What about the other sports?
Further examination of college football’s new rule allowing a player to participate in four games and still be red shirted, raises that question and several other compelling queries.
Why is football the only NCAA sport gaining this advantage? Why can’t basketball, baseball and all the Olympic sports also be the beneficiaries of this rule change? Why should football get to utilize this new rule, while other NCAA sports remain hobbled by the old rule?
Obviously, changing eligibility standards for only one NCAA sport can unleash a Pandora’s Box worth of problems. Yet, officials and football coaches don’t seem to realize any of that. Or they simply don’t care.
Just consider some of their comments.
“This change promotes not only fairness for college athletes, but also their health and well-being,” said Blake James, athletic director at Miami (Fla.) and also chairman of the Division I Council that passed the rule change.
“Redshirt football student-athletes are more likely to remain engaged with the team and starters will be less likely to feel pressure to play through injuries. Coaches will appreciate the additional flexibility and ability to give younger players an opportunity to participate in limited competition.”
All those premises are valid. But they also would hold true for all the other sports. I would think an athletic director at a school as prominent as the University of Miami would be well aware of that.
Yet, it remains unaddressed while football coaches such as Alabama’s Nick Saban bask in their new, private rule change.
“One of the most difficult things for players is they can’t play at all when they’re freshmen to be able to gain a redshirt year,” Saban was quoted. “They all want to play.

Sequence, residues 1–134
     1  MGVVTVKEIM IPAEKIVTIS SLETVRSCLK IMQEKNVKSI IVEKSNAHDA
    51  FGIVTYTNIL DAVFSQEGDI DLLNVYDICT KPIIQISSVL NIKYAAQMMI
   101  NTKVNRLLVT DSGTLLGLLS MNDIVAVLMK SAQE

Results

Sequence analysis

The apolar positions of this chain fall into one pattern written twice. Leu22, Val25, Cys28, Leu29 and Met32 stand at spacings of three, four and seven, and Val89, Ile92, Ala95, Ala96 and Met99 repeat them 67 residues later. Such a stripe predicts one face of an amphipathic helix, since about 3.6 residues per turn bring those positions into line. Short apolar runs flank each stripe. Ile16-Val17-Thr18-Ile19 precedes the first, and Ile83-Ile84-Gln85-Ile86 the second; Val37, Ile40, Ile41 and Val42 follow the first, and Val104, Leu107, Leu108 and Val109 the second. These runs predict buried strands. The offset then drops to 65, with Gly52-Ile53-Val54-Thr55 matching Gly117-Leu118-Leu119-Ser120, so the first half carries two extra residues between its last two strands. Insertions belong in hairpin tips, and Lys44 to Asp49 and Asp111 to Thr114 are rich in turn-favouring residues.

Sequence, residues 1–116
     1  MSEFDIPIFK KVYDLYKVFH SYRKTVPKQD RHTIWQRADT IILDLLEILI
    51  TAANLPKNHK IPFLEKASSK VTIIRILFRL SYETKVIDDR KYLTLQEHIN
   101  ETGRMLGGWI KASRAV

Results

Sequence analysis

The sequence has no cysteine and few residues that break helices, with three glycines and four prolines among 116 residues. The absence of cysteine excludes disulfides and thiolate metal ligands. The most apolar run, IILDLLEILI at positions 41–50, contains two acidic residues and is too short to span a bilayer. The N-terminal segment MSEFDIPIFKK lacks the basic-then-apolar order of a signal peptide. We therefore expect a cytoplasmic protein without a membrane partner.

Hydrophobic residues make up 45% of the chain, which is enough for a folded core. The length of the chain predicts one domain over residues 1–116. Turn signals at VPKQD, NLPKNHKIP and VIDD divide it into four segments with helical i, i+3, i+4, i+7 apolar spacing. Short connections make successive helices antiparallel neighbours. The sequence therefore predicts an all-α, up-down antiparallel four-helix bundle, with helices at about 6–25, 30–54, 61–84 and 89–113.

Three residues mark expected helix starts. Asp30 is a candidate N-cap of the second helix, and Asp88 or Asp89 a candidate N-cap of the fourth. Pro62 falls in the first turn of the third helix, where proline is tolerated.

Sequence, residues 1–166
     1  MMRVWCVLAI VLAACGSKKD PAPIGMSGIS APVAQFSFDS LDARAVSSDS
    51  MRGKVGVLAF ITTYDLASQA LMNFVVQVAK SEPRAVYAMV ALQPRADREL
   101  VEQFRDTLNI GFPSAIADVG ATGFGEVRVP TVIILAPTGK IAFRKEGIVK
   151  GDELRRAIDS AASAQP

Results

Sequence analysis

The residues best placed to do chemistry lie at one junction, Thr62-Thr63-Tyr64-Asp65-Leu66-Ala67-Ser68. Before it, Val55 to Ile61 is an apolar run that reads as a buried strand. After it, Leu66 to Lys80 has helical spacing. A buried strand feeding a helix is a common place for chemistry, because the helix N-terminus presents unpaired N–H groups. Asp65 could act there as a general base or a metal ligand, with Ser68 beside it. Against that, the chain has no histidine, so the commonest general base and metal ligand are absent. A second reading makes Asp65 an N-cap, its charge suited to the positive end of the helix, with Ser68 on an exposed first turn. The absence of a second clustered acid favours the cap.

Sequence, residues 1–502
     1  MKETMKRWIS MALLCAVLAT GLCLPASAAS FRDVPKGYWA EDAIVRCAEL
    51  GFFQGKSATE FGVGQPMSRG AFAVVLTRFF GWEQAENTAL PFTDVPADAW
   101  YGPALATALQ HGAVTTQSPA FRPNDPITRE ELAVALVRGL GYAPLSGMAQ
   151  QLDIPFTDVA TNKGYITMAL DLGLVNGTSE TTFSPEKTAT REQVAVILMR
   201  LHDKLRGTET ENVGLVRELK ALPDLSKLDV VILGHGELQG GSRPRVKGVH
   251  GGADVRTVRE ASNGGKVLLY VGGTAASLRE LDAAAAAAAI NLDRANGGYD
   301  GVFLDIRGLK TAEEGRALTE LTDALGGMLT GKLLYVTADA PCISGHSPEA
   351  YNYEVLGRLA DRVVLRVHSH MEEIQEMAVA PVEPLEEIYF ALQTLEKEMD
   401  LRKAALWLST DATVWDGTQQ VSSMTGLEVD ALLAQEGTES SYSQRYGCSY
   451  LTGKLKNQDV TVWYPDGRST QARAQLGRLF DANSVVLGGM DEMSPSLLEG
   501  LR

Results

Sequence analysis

“This would give them an opportunity to play some and would actually enhance their development to some degree. With the numbers we have right now and the number of games we’re playing, you might be able to play a few more players in some of those games. That would help other players on your team as well.”
All this is true.
The problem is coaches of other NCAA sports want to share the wealth. They want the same red shirt rule. They want the same advantages.
Just ask Danny D’Antoni.
“That would be great because we would get a little bit better evaluation of the true freshmen,” said Marshall’s fifth-year head coach. “I think it’s a good rule. It’s almost like declaring for the NBA Draft as an underclassman, but not signing with an agent and coming back.
“This gives a true freshman a chance to get in and see if he really needs to be red shirted. And you’re only helping the kid.”
If the same one-third of the regular season formula is applied to basketball as the new rule dictates for football, it would mean true freshmen could play in as many as 10 college basketball games and still be red shirted.
“I don’t know how far they would take it,” said D’Antoni, “but certainly six to 10 games wouldn’t hurt. It’s better for the kids. That’s the point. It’s not so much about us, it’s just good for the kids.
“As it is now, you might make a mistake and the kid pays for your mistake.”
It would be a mistake not to implement this rule across the board.
Anybody from Title IX listening out there?
Chuck Landon is a sports columnist for The Herald-Dispatch. Contact him at email@example.com.